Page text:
At first glance, Tiffany Smith may not strike most as one of the better basketball players in the area, but she’ll be out to continue proving everyone wrong when she suits up for the Mid-South Community College Lady Greyhounds next season.

Smith has never had a prototypical basketball body, but that hasn’t stopped her from being one of the most dangerous players on the court every game she played for the Jacksonville Lady Red Devils.

"A lot of college coaches just told me I couldn’t make it," said Smith. "The Mid-South coach did tell me I need get in a little better shape, but she was going to give me the chance."

Smith helped the Lady Devils to their first state title two years ago, and then was a team leader this season when the team faced a season with a new coach and without University of Arkansas signee Jessica Jackson.

"For me, Jacksonville basketball and Tiffany Smith go hand in hand," said Jacksonville coach William Rountree. "I had a bunch of old coaches who have been around the game for a long time watch us, and they told me they loved watching her play."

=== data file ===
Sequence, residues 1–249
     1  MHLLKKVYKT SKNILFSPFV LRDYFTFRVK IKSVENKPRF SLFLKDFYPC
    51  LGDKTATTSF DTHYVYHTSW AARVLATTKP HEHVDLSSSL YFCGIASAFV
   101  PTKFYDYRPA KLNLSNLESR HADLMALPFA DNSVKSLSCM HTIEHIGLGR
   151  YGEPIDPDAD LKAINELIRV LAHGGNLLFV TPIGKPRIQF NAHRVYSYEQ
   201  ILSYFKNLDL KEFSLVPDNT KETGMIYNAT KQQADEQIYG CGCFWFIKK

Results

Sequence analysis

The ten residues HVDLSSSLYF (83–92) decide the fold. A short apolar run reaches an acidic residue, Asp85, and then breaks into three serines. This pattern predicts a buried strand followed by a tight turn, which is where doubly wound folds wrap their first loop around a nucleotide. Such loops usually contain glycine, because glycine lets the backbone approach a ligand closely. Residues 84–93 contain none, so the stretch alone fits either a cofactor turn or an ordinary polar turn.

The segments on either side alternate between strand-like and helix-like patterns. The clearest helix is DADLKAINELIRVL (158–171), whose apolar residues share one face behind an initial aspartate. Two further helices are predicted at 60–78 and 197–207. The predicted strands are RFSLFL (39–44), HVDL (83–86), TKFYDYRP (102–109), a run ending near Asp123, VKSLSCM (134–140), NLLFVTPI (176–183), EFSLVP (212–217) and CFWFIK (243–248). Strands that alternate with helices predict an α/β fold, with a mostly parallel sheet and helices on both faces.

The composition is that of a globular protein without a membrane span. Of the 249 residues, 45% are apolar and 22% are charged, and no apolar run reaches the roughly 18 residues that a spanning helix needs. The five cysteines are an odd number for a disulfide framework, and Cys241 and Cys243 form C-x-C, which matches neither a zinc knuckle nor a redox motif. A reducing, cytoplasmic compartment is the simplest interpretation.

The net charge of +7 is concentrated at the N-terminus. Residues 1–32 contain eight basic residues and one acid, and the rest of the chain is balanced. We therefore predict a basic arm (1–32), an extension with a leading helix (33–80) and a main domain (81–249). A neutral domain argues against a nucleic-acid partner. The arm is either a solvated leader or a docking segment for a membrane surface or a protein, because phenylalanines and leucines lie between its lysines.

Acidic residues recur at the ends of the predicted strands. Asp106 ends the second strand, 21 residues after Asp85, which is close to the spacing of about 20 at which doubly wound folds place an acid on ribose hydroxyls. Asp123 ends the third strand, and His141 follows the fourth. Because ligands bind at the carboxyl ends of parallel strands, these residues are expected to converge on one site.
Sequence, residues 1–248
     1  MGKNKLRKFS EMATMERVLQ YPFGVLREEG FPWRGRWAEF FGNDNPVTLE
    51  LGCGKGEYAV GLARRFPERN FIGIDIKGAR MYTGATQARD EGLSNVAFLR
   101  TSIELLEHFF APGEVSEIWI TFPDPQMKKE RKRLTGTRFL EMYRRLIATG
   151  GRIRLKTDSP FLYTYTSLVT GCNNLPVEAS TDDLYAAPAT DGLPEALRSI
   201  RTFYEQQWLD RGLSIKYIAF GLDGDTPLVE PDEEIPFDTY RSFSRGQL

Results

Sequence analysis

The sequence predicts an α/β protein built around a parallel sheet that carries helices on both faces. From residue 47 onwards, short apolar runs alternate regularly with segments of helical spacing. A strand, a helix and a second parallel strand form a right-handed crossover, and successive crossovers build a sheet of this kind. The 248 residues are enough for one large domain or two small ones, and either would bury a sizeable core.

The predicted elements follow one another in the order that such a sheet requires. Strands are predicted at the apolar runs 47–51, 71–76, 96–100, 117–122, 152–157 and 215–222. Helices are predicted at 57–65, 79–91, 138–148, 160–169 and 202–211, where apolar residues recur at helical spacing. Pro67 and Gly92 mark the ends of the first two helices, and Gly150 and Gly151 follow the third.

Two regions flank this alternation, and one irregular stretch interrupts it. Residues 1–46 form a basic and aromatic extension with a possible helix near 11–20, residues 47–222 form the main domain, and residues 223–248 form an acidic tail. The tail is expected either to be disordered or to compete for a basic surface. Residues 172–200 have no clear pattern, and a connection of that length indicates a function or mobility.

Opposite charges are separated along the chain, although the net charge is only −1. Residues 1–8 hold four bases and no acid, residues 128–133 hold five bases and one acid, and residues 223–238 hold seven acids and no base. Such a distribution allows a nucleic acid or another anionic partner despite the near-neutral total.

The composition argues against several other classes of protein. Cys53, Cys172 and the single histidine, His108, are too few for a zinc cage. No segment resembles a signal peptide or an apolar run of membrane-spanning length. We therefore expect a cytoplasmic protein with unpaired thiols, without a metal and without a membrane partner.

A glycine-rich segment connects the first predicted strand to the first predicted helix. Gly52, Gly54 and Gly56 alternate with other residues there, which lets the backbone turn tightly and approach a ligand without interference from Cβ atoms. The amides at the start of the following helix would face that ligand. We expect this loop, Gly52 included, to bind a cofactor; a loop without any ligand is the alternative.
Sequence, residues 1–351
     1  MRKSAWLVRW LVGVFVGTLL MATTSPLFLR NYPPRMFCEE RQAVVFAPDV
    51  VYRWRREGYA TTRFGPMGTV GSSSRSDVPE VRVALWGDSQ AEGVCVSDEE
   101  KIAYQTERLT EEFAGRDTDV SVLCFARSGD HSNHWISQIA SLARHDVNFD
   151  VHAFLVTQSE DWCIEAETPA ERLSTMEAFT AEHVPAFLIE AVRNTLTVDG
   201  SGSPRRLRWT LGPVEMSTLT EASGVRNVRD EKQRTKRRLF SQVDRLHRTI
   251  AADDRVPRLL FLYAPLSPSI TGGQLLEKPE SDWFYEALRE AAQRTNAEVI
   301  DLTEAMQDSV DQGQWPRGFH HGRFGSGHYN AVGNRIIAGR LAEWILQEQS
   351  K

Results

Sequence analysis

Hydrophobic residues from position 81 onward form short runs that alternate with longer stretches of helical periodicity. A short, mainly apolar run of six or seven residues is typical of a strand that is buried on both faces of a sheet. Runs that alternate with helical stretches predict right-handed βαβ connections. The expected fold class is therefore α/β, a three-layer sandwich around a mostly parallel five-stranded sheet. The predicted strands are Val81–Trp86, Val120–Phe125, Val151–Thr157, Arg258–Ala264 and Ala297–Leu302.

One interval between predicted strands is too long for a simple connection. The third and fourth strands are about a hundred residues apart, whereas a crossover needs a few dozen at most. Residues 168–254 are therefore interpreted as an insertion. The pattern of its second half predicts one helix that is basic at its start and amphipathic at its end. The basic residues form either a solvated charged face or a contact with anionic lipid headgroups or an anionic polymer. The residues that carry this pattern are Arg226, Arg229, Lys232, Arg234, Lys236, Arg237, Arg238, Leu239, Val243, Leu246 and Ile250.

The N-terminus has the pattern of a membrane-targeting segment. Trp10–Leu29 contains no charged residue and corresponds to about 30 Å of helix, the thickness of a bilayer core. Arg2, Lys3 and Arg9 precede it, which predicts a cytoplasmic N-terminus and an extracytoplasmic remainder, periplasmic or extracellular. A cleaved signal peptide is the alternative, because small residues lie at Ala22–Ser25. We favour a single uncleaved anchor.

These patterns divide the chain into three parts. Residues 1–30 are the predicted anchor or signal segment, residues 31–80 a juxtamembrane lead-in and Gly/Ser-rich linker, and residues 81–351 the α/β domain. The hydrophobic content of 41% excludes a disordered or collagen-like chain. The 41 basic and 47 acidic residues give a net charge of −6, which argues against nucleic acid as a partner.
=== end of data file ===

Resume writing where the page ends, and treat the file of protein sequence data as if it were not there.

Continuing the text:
Smith brings a lot of confidence and energy to the court. She became known for pulling for deep three-pointers at any point in the game, and making a high percentage of those shots.

"She’s such a unique player," said Rountree. "Honestly, she’s as a deep shooter as I’ve ever coached."

Mid-South is located in West Memphis and plays with teams like North Arkansas College in Harrison, and Arkansas Baptist College in Little Rock.

"I feel like I really did play a pretty big role in some of the success we’ve had here the last two years," said Smith. "It took a little while this year, but we finally gave coach Rountree a chance and started really listening to him and learning from him and we had a good year."

When asked if she carried a chip on her shoulder from often being overlooked, Smith’s answer came quickly.

"Oh, definitely," said Smith with a smile. "I’ve always felt I had to really prove I could play. I want to go to college and prove a lot of people wrong."